This post is by Christa Dang:
She doesn’t speak much English.
The Vietnam War was over, but the new communist government did not take kindly to those who had fought against them. Because her husband was a South Vietnamese soldier, they believed that staying in Vietnam meant sure death. The decision to leave their home and their family was extremely risky and terrifying, but the odds of survival were marginally better.
In the dead of night, with nothing more than some food and a few ounces of carefully hidden gold, she waited with her children, the eldest of whom was five years old and the youngest, one month old. They were ready to turn back at any moment; if they were caught attempting to escape, they would be killed.
Her husband soon arrived and led them to a small boat where other escapees were waiting, which he then steered towards Cambodia. From there, the passengers quietly moved onto a larger ship with other boat people from different areas and fled to Thailand, where they stayed in a refugee camp for two weeks before receiving clearance from the Canadian government.
They were attacked and robbed by pirates and thieves numerous times during their journey, leaving them with nothing but the clothes on their backs.
In 1980, she arrived in Canada with her husband, her three children and two of her eleven siblings. The family was lucky to have survived the ordeal; more than half of the boat people with whom they’d traveled had perished.
Their trials were far from over, however. Her husband was healthy when they had embarked on their journey, but soon after arriving in Toronto, his face became swollen; still embedded in his flesh were bullet fragments from a gunshot wound that he’d suffered during his service in the war. He was hospitalized for a month after undergoing emergency surgery to remove some of those fragments, and now lives in constant pain because it was not possible to remove them all.
They were then faced with the task of rebuilding their lives in this new and foreign world. For a while, they lived on the meager benefits given to them by the government; this afforded the five of them a one-bedroom rental apartment and frequent visits to The Scott Mission’s food and clothing banks.
She found a night job sewing clothing as she had done in Vietnam and forwent sleep during the day to care for her children, while her husband took English classes, had affairs, and eventually found work.
She was, essentially, raising three children on her own. Many times, other Vietnamese people would ask her if the children had a father and, embarrassed, her standard response was that he had stayed in Vietnam.
Once the children were old enough and the family was able to afford a babysitter, she began working twenty-hour days. Because she valued her family above all else and opted to work and care for her children instead of going to school for English, sewing is – even now – her only option for work. They eventually managed to save enough money to move into a two-bedroom apartment, and then into a small house in 1991.
Ten years after their arrival in Canada, they had another child.
I grew up much more comfortably than my siblings did; their clothes were all secondhand, they couldn’t afford much luxury or food, and my parents worked most of the time. Once they were properly settled, my family made their best effort to fit in with Western traditions while still upholding the more important Vietnamese traditions.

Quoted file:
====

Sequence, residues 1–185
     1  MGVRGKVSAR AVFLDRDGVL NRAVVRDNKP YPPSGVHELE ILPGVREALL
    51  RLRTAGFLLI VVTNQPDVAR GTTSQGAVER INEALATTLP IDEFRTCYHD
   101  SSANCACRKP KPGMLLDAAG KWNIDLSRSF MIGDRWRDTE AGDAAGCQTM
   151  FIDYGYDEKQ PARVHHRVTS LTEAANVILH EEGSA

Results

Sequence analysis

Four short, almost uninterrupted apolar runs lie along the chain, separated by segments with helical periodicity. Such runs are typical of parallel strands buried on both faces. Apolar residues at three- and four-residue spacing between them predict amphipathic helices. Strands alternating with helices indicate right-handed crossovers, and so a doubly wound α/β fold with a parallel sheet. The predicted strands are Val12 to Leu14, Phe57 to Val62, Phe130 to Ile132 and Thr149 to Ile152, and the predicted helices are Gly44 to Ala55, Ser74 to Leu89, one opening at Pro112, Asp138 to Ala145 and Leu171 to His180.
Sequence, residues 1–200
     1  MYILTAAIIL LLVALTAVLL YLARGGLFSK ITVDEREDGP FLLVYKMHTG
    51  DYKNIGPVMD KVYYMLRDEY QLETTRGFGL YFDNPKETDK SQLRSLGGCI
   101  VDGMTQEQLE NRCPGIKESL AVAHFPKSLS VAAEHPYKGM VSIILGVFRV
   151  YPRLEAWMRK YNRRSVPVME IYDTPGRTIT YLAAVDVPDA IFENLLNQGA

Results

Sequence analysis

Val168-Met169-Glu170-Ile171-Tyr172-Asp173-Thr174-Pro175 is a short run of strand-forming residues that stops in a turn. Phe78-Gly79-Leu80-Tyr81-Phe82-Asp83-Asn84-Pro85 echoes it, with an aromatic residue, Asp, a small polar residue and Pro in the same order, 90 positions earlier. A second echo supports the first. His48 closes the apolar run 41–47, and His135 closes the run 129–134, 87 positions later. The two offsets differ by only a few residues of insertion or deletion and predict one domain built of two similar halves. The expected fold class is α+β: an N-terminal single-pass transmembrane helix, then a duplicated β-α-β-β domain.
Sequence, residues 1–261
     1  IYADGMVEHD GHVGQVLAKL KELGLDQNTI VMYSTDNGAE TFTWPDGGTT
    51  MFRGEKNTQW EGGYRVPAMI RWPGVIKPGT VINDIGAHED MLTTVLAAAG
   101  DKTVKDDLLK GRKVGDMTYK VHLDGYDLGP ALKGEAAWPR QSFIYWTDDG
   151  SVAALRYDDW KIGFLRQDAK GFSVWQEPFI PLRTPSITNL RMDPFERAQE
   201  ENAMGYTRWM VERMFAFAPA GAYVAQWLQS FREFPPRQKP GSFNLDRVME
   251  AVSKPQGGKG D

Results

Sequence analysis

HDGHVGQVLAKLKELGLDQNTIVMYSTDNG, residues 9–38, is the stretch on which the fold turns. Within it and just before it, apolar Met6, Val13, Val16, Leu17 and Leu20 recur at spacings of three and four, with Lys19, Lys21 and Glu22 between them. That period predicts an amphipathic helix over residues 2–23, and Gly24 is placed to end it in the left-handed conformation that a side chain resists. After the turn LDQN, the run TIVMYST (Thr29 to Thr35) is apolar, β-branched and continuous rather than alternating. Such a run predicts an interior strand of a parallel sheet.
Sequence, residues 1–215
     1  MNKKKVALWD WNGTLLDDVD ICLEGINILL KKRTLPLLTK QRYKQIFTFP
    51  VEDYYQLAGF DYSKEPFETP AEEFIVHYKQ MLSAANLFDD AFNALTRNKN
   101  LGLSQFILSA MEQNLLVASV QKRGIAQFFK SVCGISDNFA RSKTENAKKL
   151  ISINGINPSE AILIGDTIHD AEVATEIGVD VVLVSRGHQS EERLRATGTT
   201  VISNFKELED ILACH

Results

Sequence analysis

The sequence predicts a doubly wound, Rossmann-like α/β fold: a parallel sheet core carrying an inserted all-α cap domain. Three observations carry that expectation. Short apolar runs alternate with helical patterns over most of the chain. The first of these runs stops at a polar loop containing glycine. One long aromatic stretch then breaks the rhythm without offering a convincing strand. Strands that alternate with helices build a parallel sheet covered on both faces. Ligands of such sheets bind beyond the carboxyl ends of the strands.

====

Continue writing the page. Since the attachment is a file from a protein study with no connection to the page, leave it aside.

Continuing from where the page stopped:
Growing up bicultural is like straddling the line between two worlds; while I don’t belong entirely in either Vietnamese culture or Western culture, I’ve never felt left out although there are times in which I stand out quite a bit.
The language in Vietnam shifted after the war, and I speak like someone who lived there in the 1960s because that is the language my parents taught me. To make sure that I learned the language, I was not allowed to speak English at home. It was annoying then, but now I’m grateful; Vietnam and its culture hold a special place in my heart.
Unlike the stereotypical Asian parents, mine are very open-minded in regards to love and school, and will support my decisions as long as they are genuine (however, they do expect a Vietnamese-styled wedding in the far, far future).
I can’t even fathom what my life would be like if my parents had stayed in Vietnam. I definitely would not be the person I am today, and it’s entirely possible that I would not exist at all!
While I would not change a thing about my family’s story, I believe the greatest difficulty of having immigrant parents is that, due to the nature of my family’s emigration from Vietnam, we are all geographically far apart. As a result, I don’t know many of my extended family members and I don’t have much contact with the ones I do know.
My mother, who sacrificed everything for her family, taught me the value of the important things in life. But even now, after over thirty years of living in Canada, having purchased a large five-bedroom house, and being able to navigate the system more aptly than most, she still doesn’t feel as though she belongs… just because she can’t speak English.
Her name is Tri, Kim Hoa. She doesn’t speak much English, but she doesn’t need to; she has overcome the odds and built a good life for herself and for her family, and that is what matters most.
Christa Dang is a psychology student at York University with the ambition of becoming a clinical psychologist. Her parents and older siblings are Vietnamese boat people; she was born in Canada and raised biculturally.
“Lòng Mẹ” – Mother’s Love – a traditional Vietnamese song: